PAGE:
In the wake of major bombings this week against a market and bus terminal in Jos that killed at least 130, raids mounted by Boko Haram against several villages in the north of the country on Tuesday and Wednesday, and a car bomb that exploded in Kano Monday killing 24, top Nigerian officials have called for “total war” and warned that the country is “at a crossroads.”
Former top Nigerian military officer Brigadier General Williams Obene warned Nigerians Wednesday that their government would likely be at war with Boko Haram for at least another 10 years, even with military aid from the US and other European powers. Obene said that the six-month state of emergency that has been declared in the Nigerian states of Borno, Adamawa and Yobe is an unrealistic timeframe for defeating the Islamist group based in the country’s north.
“Nigerians need to come to terms with the fact that we are at war and it is not a conventional war, where the enemy can be identified,” Obene said. “Let’s not delude ourselves to think that we are going to use the military to stop the insurgency in six months.”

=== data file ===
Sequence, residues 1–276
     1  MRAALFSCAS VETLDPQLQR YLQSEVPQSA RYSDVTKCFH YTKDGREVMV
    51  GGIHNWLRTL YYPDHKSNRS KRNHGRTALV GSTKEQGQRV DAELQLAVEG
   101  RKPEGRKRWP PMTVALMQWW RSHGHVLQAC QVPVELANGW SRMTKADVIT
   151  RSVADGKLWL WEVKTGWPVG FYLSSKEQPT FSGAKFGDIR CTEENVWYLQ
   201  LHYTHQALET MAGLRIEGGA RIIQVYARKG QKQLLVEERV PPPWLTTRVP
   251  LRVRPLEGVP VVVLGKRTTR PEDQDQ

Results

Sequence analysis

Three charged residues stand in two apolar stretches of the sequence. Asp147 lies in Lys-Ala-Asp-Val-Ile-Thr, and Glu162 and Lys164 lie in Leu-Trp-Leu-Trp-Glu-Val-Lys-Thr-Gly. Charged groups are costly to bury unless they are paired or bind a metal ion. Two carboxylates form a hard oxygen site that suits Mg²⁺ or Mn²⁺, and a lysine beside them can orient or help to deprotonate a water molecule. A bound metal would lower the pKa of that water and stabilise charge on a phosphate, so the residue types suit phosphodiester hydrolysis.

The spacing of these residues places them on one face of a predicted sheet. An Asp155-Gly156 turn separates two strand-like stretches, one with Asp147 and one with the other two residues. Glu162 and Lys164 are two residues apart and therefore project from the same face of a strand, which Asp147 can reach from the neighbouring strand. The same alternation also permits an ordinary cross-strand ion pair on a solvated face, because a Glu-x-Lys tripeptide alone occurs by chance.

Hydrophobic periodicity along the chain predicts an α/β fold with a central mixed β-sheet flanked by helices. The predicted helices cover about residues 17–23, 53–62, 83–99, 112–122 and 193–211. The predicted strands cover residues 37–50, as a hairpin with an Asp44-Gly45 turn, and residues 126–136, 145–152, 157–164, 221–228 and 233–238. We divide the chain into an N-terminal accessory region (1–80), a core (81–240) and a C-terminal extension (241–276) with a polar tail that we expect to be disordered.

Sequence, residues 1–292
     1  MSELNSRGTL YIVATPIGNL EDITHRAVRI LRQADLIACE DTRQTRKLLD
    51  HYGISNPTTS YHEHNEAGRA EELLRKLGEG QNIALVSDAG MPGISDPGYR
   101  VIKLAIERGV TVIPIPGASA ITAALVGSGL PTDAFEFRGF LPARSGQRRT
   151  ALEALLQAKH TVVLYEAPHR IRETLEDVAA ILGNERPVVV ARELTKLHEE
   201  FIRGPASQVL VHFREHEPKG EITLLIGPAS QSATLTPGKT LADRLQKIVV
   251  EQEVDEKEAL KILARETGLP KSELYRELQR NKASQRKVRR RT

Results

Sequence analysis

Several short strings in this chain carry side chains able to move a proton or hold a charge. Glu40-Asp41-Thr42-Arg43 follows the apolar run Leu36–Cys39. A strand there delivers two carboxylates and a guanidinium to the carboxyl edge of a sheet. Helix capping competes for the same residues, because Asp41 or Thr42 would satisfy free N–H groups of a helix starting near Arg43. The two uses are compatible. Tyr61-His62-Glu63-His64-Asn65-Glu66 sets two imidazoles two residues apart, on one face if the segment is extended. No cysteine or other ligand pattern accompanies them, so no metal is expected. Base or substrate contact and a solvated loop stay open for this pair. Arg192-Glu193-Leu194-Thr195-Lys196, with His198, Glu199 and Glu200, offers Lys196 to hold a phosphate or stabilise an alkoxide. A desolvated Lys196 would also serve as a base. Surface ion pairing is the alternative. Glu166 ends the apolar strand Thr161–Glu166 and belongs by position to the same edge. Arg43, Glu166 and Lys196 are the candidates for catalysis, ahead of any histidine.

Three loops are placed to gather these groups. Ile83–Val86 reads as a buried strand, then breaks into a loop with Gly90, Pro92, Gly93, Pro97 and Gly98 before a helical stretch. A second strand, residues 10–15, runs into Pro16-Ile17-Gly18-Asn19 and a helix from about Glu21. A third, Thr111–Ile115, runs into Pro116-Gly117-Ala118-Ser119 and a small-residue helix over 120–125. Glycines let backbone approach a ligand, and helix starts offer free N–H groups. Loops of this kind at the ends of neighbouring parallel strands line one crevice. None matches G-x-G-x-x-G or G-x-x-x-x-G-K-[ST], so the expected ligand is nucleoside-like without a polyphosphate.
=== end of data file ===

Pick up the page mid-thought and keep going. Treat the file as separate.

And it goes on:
“My question is: what is the alternative to the state of emergency? In fact, we should declare total war. Nigerians should prepare for war,” Obene said.
Nigerian governor Sullivan Chime of the state of Enugu said Thursday that the country is “at a crossroads.”
“We want to also seize this opportunity to call on Enugu residents and Nigerians generally to shine their eyes; report any strange person or activity to security agents. We shall conquer these enemies of our nation,” Chime said.
The strengthening of extremist militant groups like Boko Haram is a product of the drive of US imperialism to return Africa to colonial status and counter growing Chinese influence across the continent. The imperialist powers have covertly built up groups such as Al Qaeda in the Islamic Maghreb, Al Qaeda in the Arabian Peninsula, Al Shaabab and others with weapons and funding, even while using their activities as the pretext for their steadily escalating military interventions in the region.